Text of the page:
The Takeaway on Takeout

by | Jan 10, 2023

Cider+Takeout: how to make the perfect home-front pairings

As much as we all love dining out, many drink menus look a little lean when it comes to apple-based offerings. Granted, you can surely find a lovely glass of wine or a well-crafted beer for most dishes. But finding that perfectly pitched cider on the drink menu? Not so easy.

When craving a well-made meal and the drink that will perfectly enhance it, sometimes takeout is the best option — especially when it allows you to peruse your own cider cellar at home. We’ve put together a few fast-and-loose rules — with a little science mixed in — that can help you find the ideal selection of cider to pair with your veggie burrito, spicy pho, ribeye steak or dim sum. 

Pairing cider: “big idea” rules

First, those fast-and-loose rules. The following suggestions apply to almost all food and drink pairings but are no less applicable to cider and your favorite takeout. As you consider your meal each evening, use these generally accepted approaches to amplify all the best characteristics in a glass of cider, paired with all the deliciousness tucked in that brown takeout box. 

Match. A little thoughtfulness can go a long way when weighing in on your dish and the drink to go with it. Intense food can easily overpower a delicate cider and, likewise, a vibrant cider can crush more subtle flavors. So take weight and flavor into account: go big and bold with both drink and dish, or tread softly with both. 

Complement. All the fragrant apple goodness of cider, whether it’s white fruit blossom, juicy apple flesh, or tannic rindyness can bring out the best in a dish when picking up those same qualities. As cider has become more complex and offers notes of hops, oak or fruit additions, the opportunity to pair flavors gets ever broader. Just look for similar flavors in the cider and the dish to create a harmonious whole.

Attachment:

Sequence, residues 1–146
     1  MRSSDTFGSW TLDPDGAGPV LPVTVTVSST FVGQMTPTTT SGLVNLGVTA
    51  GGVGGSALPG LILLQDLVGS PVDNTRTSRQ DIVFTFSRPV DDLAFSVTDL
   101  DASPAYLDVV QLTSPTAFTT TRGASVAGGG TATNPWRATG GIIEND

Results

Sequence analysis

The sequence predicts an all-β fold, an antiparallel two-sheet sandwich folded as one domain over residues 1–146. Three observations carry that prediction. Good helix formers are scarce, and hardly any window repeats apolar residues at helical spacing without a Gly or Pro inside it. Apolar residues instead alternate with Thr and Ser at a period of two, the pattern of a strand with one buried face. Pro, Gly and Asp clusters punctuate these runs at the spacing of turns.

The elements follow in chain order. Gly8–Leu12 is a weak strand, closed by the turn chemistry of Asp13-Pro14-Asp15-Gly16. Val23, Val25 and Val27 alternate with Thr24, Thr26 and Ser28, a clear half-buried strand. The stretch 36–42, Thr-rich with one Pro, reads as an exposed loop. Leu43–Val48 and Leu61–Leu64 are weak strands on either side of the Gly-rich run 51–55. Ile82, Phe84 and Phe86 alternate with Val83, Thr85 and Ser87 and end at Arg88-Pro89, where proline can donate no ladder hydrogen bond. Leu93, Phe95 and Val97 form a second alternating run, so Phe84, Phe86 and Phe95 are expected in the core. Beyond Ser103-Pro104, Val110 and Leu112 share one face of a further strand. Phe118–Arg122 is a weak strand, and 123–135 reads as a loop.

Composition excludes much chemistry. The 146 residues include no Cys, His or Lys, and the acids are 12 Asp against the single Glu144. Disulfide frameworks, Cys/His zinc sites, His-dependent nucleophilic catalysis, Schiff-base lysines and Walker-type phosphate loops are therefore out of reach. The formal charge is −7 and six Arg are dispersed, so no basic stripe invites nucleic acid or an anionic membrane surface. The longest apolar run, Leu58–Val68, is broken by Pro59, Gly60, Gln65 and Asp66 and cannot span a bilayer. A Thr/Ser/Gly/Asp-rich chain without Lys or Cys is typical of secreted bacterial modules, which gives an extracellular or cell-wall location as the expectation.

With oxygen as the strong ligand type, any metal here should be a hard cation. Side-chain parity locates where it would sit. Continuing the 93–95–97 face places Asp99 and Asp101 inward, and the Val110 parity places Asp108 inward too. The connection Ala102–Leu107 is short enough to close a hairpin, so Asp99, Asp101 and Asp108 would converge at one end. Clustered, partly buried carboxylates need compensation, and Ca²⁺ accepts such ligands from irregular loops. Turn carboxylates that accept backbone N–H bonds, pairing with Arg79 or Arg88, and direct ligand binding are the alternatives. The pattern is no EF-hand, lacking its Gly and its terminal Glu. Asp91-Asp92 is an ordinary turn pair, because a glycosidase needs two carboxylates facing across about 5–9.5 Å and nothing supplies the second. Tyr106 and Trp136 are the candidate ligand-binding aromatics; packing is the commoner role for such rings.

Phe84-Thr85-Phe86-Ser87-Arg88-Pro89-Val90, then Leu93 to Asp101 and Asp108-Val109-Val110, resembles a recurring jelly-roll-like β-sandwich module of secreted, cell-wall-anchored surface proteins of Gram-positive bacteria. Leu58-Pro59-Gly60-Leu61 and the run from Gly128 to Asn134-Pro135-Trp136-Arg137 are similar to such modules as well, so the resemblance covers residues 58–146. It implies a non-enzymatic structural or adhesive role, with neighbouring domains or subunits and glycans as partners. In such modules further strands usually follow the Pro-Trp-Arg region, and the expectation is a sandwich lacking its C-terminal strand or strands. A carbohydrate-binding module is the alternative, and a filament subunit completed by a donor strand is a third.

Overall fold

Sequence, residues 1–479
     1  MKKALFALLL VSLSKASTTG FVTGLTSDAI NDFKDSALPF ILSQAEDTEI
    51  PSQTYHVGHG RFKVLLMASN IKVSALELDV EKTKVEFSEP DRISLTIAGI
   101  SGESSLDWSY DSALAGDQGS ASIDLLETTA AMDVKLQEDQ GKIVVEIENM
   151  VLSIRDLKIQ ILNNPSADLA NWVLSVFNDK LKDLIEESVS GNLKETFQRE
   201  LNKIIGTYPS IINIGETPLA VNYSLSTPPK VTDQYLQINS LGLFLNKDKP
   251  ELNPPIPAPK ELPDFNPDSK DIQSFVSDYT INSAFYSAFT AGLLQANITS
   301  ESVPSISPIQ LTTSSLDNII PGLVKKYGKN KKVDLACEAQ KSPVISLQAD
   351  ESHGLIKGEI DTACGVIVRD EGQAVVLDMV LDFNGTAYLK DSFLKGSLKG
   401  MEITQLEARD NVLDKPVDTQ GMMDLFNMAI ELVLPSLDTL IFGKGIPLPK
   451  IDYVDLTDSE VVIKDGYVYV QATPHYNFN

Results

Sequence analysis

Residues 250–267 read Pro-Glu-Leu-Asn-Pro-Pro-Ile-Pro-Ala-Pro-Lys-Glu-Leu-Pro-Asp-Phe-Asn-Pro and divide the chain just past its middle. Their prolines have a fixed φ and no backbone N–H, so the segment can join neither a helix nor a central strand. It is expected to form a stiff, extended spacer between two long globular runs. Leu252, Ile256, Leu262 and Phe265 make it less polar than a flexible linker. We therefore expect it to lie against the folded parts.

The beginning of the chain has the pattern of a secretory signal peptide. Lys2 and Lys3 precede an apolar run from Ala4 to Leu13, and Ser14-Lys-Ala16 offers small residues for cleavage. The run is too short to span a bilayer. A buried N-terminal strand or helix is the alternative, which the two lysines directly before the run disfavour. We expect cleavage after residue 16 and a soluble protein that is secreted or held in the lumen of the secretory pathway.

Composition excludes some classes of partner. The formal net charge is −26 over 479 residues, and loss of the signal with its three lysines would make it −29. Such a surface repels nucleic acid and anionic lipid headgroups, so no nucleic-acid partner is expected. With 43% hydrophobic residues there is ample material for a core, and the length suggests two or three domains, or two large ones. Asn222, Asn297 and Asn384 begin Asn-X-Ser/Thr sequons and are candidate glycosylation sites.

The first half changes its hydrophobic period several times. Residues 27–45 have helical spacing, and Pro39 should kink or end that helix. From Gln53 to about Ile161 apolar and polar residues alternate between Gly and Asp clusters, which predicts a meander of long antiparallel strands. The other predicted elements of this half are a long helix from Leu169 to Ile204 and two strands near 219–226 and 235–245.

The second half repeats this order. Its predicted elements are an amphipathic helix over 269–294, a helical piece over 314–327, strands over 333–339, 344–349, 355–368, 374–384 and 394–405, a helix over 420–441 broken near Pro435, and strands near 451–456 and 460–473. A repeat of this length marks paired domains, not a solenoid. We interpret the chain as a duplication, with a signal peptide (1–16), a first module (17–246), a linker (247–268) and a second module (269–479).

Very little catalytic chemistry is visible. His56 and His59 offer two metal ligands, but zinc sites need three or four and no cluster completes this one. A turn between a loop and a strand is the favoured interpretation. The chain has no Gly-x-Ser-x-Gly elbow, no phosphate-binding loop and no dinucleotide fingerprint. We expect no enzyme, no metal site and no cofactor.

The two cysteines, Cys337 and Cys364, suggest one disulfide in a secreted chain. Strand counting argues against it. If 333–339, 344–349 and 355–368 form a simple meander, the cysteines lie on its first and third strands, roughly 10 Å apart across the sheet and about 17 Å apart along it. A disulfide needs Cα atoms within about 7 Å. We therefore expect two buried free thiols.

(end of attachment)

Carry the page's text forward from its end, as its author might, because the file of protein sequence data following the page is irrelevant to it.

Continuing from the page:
Contrast. This can be a little trickier, as it’s tied to the rudimentary taste sensations (sweet, sour, salty, bitter, umami) and challenges you to dig deep for an opposing flavor foil. The ultimate goal is for your selected cider to be the inverse of your takeout, which allows you to accentuate all the subtle flavors in both.

Cut. Pairing a zesty cider to cut through the richness and sheer weight in a takeout dish comes down to three big factors: carbonation, acidity and tannin. Carbonation can give your palate a gentle scrub leaving taste receptors fresh for every bite. Acidity is an all-over refresher making the dish continue to sing. And tannin is a heavyweight at breaking down protein to give your dish a continued lift.

Complete. Call this the “mind the gap” rule.  Size up your takeout meal and consider the flavors that it does not encompass. Now take a breath and look at which cider will fill the void. If you think it through, a well-made cider can complete a well-made dish by adding a missing piece — for instance, some good old-fashioned sweetness to a delicious savory dish.

“If it grows together, it goes together.” The most generalized rule hearkens back to an era when you drank what was fermented locally and ate what was produced locally. The magic of these pairings has echoed through time and is being beautifully revived currently. And it works! Grab a local cow’s milk cheese and give it a go with a cider pressed down the street — it likely won’t disappoint.

Paring cider: The “small-scale” rules

Everyone has their own favorite Friday night go-to to-go restaurant and, likewise, their perfect kick-off-your-work-shoes-and-crack-one-from-the-cellar cider. But how well (and how often) do these two play together? If you want to get the most out of the pairing, consider the key elements of the drink style and what drives the dish. Starting with the type of cider you’re craving, here you’ll find the potential compatibility to create a perfect pairing.

Acidic modern cider. Pairs well with all forms of cheesy goodness, as the acidity on the palate cuts clean through the richness of the dairy. All of your favorite appetizers will pair terrifically with a crisp, modern cider, so put in that order for mozzarella sticks, asiago and artichoke dip, and poutine.

Sweet modern cider. Pairs best with spicy food, as the sweetness in the cider contrasts with the heat in the dishes. If Thai food is your jam, grab up some Tom Yum or Pad Thai and open up a cider with some sweetness. If you rock Indian cuisine, then get that Rogan Josh or Matar Paneer and find a cider with a sweet fruit core to counter the spice.